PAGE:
An edited version of this article appeared in Village magazine, February-March 2014 edition
RTE just cant catch a break.
During the interview, O’Connor reflected that things were a lot better now than they were in the bad old days. O’Neill gave a considered answer to the question, reflecting on everything from the benefits of the intimacy of Irish society (everyone knows everyone, and it’s not so easy to be bigoted about someone you know) to the sometimes subtle nature of homophobia (it’s not just people getting beaten up in the streets). In fact, O’Neill noted, the only place where it was “okay to be really mean and horrible to gays” was online, or in a newspaper column.
Then O’Connor asked “Who are they?”. O’Neill answered, the audience applauded, and the interview moved on.
Within days, in response to legal letters, RTE removed the segment from the RTE Player. Broadsheet.ie, which had posted the clip online, also took it down after being contacted by RTE (they later reinstated it). O’Neill revealed that he too had received legal correspondence. Broadsheet.ie, TheJournal.ie and Krank.ie reported on the removal of the clip from the Player. The next day the Irish independent reported that John Waters had complained to RTE. The Mayo News picked up the story too (O’Neill is from Ballinrobe), and that was about it.
Noel Whelan and Una Mullally wrote opinion piece in the Irish Times from different perspectives, but there was little other reporting in the mainstream press. Meanwhile, bloggers pored over the story, writing on everything from the nature of defamation and the defences available if sued, to the definition of homophobia, to previous statements from those who had complained, to the silence of mainstream media, particularly given such elements as the fact that one of those who complained to RTE. John Waters, was also a member of the Broadcasting Authority of Ireland at the time. (Waters resigned from the BAI ten days after the broadcast.)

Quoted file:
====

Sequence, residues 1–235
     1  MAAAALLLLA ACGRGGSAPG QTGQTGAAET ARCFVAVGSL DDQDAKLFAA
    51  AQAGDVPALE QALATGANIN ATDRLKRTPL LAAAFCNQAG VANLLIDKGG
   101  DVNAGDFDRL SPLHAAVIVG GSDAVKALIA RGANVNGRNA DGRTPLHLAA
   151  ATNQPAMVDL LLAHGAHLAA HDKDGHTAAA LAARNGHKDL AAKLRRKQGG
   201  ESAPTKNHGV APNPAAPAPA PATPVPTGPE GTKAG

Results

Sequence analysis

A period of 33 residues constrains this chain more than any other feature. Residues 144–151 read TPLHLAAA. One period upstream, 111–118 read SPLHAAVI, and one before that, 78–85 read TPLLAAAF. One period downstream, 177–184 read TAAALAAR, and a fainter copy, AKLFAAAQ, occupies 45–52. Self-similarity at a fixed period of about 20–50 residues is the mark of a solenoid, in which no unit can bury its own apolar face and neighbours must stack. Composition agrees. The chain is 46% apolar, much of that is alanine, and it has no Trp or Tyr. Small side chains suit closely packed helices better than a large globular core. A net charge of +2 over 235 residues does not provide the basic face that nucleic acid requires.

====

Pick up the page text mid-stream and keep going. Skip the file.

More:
The following weekend, Brendan O’Connor apologised for any “distress” caused by comments made by “a guest”, no doubt to the puzzlement of many viewers who were not following the story online.
But the story that hardly anyone was reporting refused to die. Blogs proliferated and were shared online, journalists were tackled on twitter aout why they weren’t covering the story. Then the Iona Institute announced that RTE were paying damages. Audrey Carville raised the issue at the beginning of RTE’s Late Debate, leading to an exchange between Breda O’Brien and Colm O’Gorman.
The dam finally broke in the dying days of January. Questions were raised in the Dail and Seanad by Catherine Murphy, Clare Daly and Averil Power. Pat Rabbitte sent out a press release saying it “would be a matter of serious concern if recourse to our defamation laws was to have a chilling effect on the conduct of public debate”.
Editors might have been wary of reporting a story about an alleged defamation, of fear of attracting litigation themselves, but they could report what a minister said, and what was said in the Oireachtas. And RTE provided a further platform hosting a follow-up debate on the Saturday Night Show. The debate format, and the “terms and conditions” imposed, attracted their own criticism, but at least the story was being reported now. And with all that being discussed, the newspapers also reported on the sums that RTE had made in payments.
RTE attracted a lot of heat online for their actions (over 800 complaints about the apology), but the truth is, it could have been anyone. The responses in various editorials and opinion pieces made it clear that the threat of defamation silences the commercial press too. RTE estimated that over 2000 people attended a protest over the affair on Sunday 2 February. In contrast, the Reform Alliance conference attracted 1000, after weeks of front pages and blanket coverage on television and radio coverage.
We talk a lot about National Debates in this country. But free speech is the essence of debate. The Pantibliss saga shows Ireland still has a way to go if we truly want informed and rigorous debate. And critically for newspapers and broadcast media, it shows the power of social media to drive stories that they cannot (or will not) cover.